- marital discord and dissatisfaction
- difficulties in communicating between partners
- male controlling behaviors towards their partners.
Factors specifically associated with sexual violence perpetration include:
- beliefs in family honour and sexual purity
- ideologies of male sexual entitlement
- weak legal sanctions for sexual violence.
Gender inequality and norms on the acceptability of violence against women are a root cause of violence against women.
Situations of conflict, post conflict and displacement may exacerbate existing violence, such as by intimate partners, as well as and non-partner sexual violence, and may also lead to new forms of violence against women.
Such violence can:
- Have fatal outcomes like homicide or suicide.
- Lead to injuries, with 42% of women who experience intimate partner violence reporting an injury as a consequence of this violence.
- Lead to unintended pregnancies, induced abortions, gynaecological problems, and sexually transmitted infections, including HIV.
A 2013 analysis found that women who had been physically or sexually abused were 1.5 times more likely to have a sexually transmitted infection and, in some regions, HIV, compared to women who had not experienced partner violence. They are also twice as likely to have an abortion.
- Intimate partner violence in pregnancy also increases the likelihood of miscarriage, stillbirth, pre-term delivery and low birth weight babies.
The same 2013 study showed that women who experienced intimate partner violence were 16% more likely to suffer a miscarriage and 41% more likely to have a pre-term birth.
- These forms of violence can lead to depression, post-traumatic stress and other anxiety disorders, sleep difficulties, eating disorders, and suicide attempts.
The 2013 analysis found that women who have experienced intimate partner violence were almost twice as likely to experience depression and problem drinking.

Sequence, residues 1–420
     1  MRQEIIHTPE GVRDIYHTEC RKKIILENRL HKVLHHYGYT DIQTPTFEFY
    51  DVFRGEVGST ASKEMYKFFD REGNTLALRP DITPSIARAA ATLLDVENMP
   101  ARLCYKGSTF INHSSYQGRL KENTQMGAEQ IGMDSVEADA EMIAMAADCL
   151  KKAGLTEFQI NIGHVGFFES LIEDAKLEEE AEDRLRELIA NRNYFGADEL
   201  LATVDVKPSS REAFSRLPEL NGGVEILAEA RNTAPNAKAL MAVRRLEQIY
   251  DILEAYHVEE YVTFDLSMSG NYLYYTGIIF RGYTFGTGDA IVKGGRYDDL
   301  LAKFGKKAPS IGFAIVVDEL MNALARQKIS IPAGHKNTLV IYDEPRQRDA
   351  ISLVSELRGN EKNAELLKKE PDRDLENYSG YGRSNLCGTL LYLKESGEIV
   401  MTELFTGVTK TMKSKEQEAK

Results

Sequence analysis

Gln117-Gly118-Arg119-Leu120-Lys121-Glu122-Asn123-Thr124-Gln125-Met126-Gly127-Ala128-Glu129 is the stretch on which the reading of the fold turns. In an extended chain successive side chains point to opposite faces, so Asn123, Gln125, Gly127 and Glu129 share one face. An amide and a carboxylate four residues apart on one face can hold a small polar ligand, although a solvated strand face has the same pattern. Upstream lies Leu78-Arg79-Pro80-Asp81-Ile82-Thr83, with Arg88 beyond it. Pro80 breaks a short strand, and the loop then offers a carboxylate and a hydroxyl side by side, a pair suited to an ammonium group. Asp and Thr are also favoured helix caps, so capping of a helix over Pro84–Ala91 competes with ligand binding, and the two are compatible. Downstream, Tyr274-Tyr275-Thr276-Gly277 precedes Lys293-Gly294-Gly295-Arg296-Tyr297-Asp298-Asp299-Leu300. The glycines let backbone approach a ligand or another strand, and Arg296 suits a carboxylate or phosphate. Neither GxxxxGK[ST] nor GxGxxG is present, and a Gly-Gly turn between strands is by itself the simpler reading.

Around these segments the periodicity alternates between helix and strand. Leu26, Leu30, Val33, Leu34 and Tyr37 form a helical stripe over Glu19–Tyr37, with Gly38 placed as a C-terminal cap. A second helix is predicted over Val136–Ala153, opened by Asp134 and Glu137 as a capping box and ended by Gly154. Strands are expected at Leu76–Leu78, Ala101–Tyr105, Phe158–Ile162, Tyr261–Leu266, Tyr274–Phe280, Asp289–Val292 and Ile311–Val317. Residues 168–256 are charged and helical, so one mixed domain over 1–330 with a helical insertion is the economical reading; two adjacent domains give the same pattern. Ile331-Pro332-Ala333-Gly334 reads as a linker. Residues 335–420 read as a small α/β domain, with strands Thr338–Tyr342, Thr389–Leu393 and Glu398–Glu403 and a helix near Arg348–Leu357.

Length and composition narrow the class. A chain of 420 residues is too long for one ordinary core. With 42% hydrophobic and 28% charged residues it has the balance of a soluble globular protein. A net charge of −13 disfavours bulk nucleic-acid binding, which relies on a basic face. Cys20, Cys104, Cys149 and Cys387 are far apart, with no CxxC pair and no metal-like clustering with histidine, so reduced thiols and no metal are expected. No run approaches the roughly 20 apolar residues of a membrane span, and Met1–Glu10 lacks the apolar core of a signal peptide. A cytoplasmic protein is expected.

- Health effects can also include headaches, back pain, abdominal pain, gastrointestinal disorders, limited mobility and poor overall health.
- Sexual violence, particularly during childhood, can lead to increased smoking, drug and alcohol misuse, and risky sexual behaviours in later life. It is also associated with perpetration of violence (for males) and being a victim of violence (for females).
To achieve lasting change, it is important to enact and enforce legislation and develop and implement policies that promote gender equality by:
- ending discrimination against women in marriage, divorce and custody laws
- ending discrimination in inheritance laws and ownership of assets
- improving women’s access to paid employment
- developing and resourcing national plans and policies to address violence against women.
There is evidence that advocacy and empowerment counselling interventions, as well as home visitation are promising in preventing or reducing intimate partner violence against women.
Link to the updated fact sheet:
Link to WHO infographic on violence against women (PDF):
Link to infographics on violence against women (jpg):
Link to WHO’s Global and Regional estimates of violence against women [multiple languages](PDF) (2013):
Link to WHO document ‘Preventing intimate partner and sexual violence against women’ [multiple languages](PDF):
Link to WHO Clinical and Policy Guidelines ‘Responding to intimate partner violence and sexual violence against women’ [multiple languages] (PDF) (2013):